Ethnic Divisions, Political Institutions and the Duration of Declines - A Political Economy Theory of Delayed Recovery
29 Pages Posted: 29 Jan 2015
Date Written: January 15, 2015
This paper analyzes the duration of large economic declines and provides a theory of delayed recovery. First, we develop a formal political economy model that illustrates a simple mechanism of how weak constraints on the political executive can lead to longer declines in ethnically heterogeneous countries. The model shows how uncertain post-recovery incomes and a ‘winner-take-all’ threshold effect create a commitment problem rendering a cooperative equilibrium inaccessible. Holding out can benefit groups by reducing the threshold effects in subsequent periods, thus limiting the remaining uncertainty. Placing strong constraints on the executive solves this commitment problem by reducing the uncertainty from the threshold effects, which brings about cooperation earlier on. Second, we then test several empirical predictions from the model using standard data on linguistic heterogeneity and more detailed data on ethnic power configurations. We find that the partial correlations are consistent with the proposed theory. The effect of executive constraints on the length of declines is very large in heterogeneous countries, but practically disappears in ethnically homogeneous societies. The adverse effect of heterogeneity is driven by the number of groups; increasing political concentration works in the opposite direction.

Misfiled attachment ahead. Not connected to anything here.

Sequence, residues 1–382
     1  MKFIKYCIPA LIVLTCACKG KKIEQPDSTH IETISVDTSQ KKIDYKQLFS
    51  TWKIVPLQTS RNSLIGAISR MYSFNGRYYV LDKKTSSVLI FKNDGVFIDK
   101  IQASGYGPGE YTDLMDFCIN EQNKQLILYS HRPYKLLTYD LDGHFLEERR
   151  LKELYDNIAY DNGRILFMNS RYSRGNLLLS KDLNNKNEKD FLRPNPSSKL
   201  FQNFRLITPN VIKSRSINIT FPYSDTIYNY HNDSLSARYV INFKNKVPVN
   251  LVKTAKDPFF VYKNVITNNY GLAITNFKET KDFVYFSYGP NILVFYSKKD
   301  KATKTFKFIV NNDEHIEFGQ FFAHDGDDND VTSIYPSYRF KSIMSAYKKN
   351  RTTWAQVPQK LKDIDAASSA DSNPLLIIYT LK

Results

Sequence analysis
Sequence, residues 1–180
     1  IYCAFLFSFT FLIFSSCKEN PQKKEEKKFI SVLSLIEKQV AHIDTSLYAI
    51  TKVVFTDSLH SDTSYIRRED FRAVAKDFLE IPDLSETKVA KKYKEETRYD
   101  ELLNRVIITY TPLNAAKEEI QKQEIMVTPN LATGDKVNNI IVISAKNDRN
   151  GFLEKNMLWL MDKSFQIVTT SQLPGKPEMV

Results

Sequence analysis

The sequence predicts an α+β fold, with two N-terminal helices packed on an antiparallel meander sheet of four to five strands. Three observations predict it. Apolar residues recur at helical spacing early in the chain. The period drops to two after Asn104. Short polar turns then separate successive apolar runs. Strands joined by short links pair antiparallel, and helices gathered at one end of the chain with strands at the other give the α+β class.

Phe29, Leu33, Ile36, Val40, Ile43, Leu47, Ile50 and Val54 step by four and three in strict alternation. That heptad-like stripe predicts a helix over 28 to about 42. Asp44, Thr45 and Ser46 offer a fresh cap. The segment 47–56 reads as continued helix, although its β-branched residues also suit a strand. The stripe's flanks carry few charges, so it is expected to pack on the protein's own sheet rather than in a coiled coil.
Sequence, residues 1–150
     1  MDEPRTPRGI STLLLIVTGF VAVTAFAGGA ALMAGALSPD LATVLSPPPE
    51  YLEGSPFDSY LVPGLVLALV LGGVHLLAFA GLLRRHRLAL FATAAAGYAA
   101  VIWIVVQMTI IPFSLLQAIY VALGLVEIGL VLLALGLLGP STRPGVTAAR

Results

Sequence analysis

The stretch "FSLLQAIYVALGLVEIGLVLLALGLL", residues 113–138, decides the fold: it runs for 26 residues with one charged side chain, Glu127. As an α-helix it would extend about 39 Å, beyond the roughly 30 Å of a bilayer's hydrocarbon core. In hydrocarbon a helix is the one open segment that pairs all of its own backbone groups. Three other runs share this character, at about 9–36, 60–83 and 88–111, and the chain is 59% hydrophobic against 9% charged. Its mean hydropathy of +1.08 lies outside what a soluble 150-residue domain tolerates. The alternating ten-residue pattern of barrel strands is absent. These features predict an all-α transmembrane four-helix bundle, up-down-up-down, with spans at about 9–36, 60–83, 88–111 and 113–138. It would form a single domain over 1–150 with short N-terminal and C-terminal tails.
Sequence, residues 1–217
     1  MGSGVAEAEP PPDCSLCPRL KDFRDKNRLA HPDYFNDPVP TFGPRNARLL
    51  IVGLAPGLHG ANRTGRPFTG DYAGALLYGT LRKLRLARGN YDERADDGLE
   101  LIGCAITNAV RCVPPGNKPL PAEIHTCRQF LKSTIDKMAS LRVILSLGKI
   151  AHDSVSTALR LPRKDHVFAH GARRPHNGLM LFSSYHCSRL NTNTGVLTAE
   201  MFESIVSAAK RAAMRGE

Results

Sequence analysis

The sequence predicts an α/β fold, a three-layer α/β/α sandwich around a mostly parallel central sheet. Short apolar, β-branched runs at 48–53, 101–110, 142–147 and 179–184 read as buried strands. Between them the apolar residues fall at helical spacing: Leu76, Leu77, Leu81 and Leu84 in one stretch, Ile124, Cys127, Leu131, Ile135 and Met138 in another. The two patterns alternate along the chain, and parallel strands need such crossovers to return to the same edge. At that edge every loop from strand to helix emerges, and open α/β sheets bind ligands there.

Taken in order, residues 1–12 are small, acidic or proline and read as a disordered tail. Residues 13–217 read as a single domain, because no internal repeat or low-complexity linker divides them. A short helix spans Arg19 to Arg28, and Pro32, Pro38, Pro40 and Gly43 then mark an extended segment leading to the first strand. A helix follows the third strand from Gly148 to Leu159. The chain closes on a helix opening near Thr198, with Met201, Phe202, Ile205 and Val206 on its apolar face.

Keywords: economic crises, delayed recovery, political economy
JEL Classification: E6, O43, J15
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